- Episodes: 25
- Aired: Apr, 2009 – Sept, 2009
No one takes Mahjong as seriously as the Miyanaga family. Every New Year, the whole family gets to play together, and those who lose have to give up their New Year money to the winners. This is why Saki Miyanaga, the youngest of the family, hates the game with a passion because there’s no way she can actually win. If she does, her parents would be really upset with her. If she loses, then she is without money. This is why she learned to keep her score as a perfect zero: so she won’t win, but she won’t be the absolute loser either. When the Mahjong club at her school finds out after she’s dragged there by her best friend, she has no choice but join the club where maybe she can learn to enjoy the game a bit more.
Liked Saki? Watch Ryuuou no Oshigoto!
- Episodes: 12
- Aired: Jan, 2018 – Currently Airing
Yaichi Kuzuryu is a very talented Shogi player. Unfortunately for him, this means he managed to get the Ryuuou title –which means he’s one of the masters of the game, and is one of the eight major title-holders in Shogi- at 16, and this made him feel too much pressure. After all, being the youngest Ryuuou, he needs to act like the older players and never play “disgracefully”, and all that pressure has made him fall into a slump in which he’s losing every game. Even worse, he’s losing the passion for Shogi that he once felt. But when a little 9-year-old girl asks him to be her teacher, he finds that perhaps there’s more to his professional life than just being like the older players.
Three Major Similarities Between Saki and Ryuuou no Oshigoto!
1. The series teach how to play a traditional board game
Both Shogi and Mahjong have been played in Japan for a long time. Shogi is known either as Japanese chess or as the Game of Generals, and it has its origins as far as the 16th century, while Mahjong was developed during the Qing dynasty in China (Which means it was created between 1644 and 1912). Both games became really popular in Asia, and in Japan in specific, which means that many schools have both Mahjong and Shogi clubs, and that there are professionals who dedicate themselves to play and teach the game for a living.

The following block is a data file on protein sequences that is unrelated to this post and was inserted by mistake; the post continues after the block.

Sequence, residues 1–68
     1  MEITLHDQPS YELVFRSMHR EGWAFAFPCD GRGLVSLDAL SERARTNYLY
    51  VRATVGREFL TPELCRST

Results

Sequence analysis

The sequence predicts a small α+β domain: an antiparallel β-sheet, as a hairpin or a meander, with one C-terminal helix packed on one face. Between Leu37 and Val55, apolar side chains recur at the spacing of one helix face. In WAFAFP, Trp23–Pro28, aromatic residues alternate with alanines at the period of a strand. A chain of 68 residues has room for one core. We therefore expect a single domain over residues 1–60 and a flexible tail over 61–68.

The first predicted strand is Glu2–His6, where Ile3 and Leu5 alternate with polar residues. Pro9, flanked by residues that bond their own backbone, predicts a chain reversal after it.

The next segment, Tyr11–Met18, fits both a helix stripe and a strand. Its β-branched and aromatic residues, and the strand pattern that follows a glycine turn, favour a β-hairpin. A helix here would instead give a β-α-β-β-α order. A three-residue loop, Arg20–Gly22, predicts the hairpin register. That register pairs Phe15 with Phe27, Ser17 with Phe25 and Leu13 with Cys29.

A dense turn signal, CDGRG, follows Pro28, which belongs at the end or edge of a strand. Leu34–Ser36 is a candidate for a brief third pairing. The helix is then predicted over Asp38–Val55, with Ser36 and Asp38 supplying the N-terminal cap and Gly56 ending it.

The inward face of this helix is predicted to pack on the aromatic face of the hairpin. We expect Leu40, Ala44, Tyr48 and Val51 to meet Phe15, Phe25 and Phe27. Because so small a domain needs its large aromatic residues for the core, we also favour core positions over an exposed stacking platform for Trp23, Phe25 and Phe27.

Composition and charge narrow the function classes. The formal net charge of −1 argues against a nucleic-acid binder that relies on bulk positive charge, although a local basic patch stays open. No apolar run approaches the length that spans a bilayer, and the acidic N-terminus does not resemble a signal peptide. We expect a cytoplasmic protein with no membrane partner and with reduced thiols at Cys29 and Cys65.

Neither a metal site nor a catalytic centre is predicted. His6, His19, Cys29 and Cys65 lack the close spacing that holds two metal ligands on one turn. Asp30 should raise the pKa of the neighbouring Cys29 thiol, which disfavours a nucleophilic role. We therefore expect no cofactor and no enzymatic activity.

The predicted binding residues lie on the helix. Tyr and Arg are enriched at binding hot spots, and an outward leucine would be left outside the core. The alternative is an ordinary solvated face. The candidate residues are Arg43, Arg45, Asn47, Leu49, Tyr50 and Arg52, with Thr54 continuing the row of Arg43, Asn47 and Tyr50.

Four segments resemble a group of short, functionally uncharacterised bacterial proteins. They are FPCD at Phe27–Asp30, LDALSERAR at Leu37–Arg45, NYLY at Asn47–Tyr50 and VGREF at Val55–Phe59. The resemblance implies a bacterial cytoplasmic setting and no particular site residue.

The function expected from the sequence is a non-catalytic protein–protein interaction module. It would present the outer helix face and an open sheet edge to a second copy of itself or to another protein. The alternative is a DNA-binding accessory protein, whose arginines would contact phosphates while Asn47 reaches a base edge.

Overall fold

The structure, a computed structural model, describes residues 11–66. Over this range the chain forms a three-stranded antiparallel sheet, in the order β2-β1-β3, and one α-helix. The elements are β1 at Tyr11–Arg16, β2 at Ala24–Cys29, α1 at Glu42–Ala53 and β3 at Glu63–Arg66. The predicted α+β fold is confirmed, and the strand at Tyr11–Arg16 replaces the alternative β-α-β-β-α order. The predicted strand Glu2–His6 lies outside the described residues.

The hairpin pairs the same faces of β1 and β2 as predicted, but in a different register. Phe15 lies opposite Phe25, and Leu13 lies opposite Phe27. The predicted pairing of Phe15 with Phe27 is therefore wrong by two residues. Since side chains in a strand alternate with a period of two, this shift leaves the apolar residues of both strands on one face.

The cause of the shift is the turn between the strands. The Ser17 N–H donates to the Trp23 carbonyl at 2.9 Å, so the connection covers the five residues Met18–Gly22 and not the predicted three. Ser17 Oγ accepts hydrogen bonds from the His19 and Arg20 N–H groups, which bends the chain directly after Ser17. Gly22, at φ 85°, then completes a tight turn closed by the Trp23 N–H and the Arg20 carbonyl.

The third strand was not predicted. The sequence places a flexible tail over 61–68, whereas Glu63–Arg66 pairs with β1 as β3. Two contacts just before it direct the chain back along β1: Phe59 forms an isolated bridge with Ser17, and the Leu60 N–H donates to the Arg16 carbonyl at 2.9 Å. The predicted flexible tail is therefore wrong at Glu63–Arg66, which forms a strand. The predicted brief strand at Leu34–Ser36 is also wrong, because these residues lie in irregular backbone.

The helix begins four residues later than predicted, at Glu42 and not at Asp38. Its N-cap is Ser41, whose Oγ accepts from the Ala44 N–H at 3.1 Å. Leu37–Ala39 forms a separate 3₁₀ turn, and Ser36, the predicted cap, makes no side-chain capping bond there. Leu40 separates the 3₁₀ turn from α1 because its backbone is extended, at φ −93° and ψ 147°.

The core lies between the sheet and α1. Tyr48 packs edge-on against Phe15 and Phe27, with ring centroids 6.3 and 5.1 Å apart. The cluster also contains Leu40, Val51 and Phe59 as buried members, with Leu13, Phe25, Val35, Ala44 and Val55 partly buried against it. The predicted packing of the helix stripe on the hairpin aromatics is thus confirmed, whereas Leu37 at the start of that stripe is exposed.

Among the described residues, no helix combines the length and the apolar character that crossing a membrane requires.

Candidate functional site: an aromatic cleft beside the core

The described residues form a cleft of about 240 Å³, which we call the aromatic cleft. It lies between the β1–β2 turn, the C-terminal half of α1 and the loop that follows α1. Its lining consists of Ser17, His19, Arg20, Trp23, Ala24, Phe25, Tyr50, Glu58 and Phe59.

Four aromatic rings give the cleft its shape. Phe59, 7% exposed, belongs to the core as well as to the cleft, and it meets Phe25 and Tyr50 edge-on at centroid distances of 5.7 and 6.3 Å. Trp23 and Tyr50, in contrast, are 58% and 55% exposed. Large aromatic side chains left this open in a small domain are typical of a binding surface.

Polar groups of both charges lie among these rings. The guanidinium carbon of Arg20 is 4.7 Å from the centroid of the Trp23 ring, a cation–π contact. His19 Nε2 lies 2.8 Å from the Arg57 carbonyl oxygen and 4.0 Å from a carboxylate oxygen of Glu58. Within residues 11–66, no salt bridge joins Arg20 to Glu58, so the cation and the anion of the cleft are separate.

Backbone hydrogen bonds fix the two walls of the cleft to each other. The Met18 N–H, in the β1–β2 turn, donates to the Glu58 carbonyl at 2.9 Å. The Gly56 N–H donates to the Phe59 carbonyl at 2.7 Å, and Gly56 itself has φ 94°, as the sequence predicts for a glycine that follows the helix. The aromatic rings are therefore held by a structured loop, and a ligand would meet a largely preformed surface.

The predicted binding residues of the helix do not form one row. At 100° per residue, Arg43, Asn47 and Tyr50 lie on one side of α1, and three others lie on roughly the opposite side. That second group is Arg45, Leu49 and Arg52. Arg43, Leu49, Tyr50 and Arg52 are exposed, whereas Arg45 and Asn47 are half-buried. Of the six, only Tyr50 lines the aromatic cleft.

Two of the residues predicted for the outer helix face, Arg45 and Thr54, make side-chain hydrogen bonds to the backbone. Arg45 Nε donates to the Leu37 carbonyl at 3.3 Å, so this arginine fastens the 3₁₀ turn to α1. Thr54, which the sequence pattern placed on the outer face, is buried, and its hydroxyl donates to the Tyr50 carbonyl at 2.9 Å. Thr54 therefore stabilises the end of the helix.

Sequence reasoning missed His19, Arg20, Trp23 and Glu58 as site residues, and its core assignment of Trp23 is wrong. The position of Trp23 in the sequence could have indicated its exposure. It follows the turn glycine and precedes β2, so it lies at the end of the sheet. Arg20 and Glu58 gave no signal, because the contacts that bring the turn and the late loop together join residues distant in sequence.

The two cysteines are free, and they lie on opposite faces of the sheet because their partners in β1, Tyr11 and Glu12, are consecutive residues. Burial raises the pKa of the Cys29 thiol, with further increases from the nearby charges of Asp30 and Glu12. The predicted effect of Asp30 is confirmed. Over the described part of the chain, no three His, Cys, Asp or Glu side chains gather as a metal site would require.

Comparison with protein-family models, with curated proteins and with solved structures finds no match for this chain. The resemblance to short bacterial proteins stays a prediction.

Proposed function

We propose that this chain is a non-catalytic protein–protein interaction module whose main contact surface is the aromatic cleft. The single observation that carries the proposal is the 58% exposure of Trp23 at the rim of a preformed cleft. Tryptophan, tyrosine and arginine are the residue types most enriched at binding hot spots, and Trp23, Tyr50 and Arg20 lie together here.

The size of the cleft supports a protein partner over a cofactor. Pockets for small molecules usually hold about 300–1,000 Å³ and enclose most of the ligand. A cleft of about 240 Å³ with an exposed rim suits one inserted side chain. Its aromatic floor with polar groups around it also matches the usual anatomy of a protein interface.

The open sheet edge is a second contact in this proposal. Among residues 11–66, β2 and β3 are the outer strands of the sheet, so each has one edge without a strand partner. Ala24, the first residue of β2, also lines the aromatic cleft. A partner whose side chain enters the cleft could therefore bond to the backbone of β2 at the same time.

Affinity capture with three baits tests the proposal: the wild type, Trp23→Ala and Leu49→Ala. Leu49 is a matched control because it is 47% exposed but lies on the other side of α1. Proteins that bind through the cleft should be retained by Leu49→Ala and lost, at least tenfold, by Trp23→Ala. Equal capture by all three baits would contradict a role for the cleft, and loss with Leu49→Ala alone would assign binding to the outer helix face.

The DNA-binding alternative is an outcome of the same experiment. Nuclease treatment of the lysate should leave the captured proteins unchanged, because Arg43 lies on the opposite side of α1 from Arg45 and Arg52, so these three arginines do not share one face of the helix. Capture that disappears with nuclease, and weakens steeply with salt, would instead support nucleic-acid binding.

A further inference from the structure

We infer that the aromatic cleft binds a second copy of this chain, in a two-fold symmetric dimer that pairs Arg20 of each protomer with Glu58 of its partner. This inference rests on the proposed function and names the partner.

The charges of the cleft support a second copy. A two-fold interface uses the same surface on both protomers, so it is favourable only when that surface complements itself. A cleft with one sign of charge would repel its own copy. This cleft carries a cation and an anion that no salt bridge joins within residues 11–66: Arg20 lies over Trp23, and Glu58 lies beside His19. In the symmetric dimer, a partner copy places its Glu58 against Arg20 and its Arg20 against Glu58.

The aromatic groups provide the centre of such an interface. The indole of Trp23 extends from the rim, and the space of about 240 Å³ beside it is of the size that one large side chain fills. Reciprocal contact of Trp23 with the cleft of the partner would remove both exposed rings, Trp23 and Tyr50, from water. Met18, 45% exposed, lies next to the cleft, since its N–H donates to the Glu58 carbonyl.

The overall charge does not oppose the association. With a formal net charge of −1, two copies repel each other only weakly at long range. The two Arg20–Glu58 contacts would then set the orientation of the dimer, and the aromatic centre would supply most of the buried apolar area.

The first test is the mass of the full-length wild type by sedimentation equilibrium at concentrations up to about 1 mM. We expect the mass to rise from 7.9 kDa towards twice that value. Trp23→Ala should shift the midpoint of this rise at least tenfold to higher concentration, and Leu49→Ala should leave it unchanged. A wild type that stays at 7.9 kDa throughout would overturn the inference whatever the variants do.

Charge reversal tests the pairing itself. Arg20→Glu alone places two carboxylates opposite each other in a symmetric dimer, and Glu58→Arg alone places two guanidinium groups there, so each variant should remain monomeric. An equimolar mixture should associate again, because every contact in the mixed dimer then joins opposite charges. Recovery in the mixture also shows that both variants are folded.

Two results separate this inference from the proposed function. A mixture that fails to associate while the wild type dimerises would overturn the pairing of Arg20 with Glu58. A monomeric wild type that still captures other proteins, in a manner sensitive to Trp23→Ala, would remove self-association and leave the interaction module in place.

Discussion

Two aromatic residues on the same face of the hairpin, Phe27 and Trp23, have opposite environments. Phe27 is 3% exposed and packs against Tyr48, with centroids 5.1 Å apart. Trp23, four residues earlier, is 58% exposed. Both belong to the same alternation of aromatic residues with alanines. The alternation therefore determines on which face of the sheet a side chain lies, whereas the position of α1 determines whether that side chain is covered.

Saki and Ryuuou no Oshigoto!! Have small sequences that explain the respective games for any watcher who doesn’t know how to play them. Despite the fact that the main characters are really good at their respective games, the story finds ways to start the tutorials from the most basic moves so that when the action really begins during the matches, no one misses why the audience in the story is exited. So, not only will the stories entertain you, you can also learn a bit about how to play new games.
2. The main character has to learn to love the game again
It is obvious that Saki, at one point, loved Mahjong. After all, she does understand the game and she is not that angry when her friend pulls her to the club. But due to her family being overly competitive and how no matter what she did, if she won, no one would be happy for her; well, she started resenting the game itself. But with her friends, she is little by little learning that Mahjong itself is not the problem; the problem is that she was being forced to play. So a lot of the story is Saki learning little by little, how Mahjong can be fun again.
On the other hand, Yaichi’s passion for Shogi has been driving his life for most of it. There’s no other way he could have reached his Ryuuou title if not by loving and breathing Shogi. And now that he’s a Ryuuou, he still loves the game, but he no longer enjoys it. The pressure of being one of the best players in Japan, together with how the other title-holders act and play, is too much for the teenager, which is, by the way, a very realistic situation. Many young prodigies in Shogi, Chess, and Go have suffered the same in real life because they can’t act like an adult, and can’t have friends their own age in the game. It’s not until he starts teaching that the passion starts to come back.
3. There are a lot of cute girls in the story
This may sound like a very shallow similarity, but there are people who start watching great shows because they like the character designs and nothing more. Then they find that said character designs come with an interesting story and that’s how they become fans. Saki has very nice character designs for the Mahjong club. With the exception of Nodoka, all of them keep normal hair colors and are the different kinds of schoolgirls that you usually find in slice of life anime. What makes them different is their passion for the game, and that despite having the obligatory guy in the club, none of them seem to act like a harem for him.
Yaichi students, on the other hand, are much younger and Ai Hinatsu and Ai Yasajin have a big crush on him that is not reciprocated. On the other hand, at fourteen, Ginko Sora is almost his age and does try to make her feelings obvious for him, even if he seems not to notice. In that sense, the designs are a bit more Harem-like, but they’re also very unique, and thanks to their personalities –and an older 25 year old woman, together with a precious six-year-old- give this anime more harem characteristics than Saki, but it still keeps from becoming just that thanks to the interesting shogi matches.